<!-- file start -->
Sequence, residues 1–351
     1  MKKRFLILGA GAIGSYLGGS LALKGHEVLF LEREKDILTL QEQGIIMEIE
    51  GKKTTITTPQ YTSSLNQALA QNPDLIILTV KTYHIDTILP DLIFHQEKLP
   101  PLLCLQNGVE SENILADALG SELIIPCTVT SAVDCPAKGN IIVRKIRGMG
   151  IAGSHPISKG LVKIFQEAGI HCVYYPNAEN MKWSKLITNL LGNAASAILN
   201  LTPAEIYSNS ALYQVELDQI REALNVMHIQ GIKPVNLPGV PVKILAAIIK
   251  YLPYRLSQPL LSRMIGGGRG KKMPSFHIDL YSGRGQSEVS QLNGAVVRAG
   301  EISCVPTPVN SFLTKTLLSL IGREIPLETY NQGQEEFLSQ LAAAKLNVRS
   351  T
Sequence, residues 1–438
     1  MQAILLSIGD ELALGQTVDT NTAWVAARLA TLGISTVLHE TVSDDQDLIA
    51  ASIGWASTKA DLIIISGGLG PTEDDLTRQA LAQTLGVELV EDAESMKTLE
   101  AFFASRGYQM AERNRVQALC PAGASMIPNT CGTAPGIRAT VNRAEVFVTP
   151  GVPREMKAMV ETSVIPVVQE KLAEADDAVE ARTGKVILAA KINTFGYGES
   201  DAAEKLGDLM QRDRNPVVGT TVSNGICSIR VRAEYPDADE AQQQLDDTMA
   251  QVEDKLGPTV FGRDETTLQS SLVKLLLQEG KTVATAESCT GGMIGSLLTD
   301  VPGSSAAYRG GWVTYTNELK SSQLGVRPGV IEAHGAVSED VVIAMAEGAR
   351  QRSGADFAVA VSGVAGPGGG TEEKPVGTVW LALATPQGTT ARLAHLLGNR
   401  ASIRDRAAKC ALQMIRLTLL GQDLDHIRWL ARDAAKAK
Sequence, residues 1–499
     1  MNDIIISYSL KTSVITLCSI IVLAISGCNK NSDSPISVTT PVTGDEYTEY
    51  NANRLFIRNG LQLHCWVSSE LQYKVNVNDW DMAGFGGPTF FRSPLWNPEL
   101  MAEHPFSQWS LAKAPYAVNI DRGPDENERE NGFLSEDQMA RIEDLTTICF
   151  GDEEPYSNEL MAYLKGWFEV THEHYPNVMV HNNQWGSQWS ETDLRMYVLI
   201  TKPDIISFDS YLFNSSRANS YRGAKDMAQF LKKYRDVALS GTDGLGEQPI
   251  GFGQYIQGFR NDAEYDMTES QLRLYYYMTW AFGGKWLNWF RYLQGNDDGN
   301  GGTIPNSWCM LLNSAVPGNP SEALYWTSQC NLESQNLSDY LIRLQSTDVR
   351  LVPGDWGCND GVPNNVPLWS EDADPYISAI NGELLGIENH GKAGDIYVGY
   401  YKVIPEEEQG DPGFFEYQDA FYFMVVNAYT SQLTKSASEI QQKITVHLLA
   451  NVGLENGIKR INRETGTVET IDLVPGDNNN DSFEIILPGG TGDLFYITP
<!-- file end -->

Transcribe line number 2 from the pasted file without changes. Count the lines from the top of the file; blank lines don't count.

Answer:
     1  MKKRFLILGA GAIGSYLGGS LALKGHEVLF LEREKDILTL QEQGIIMEIE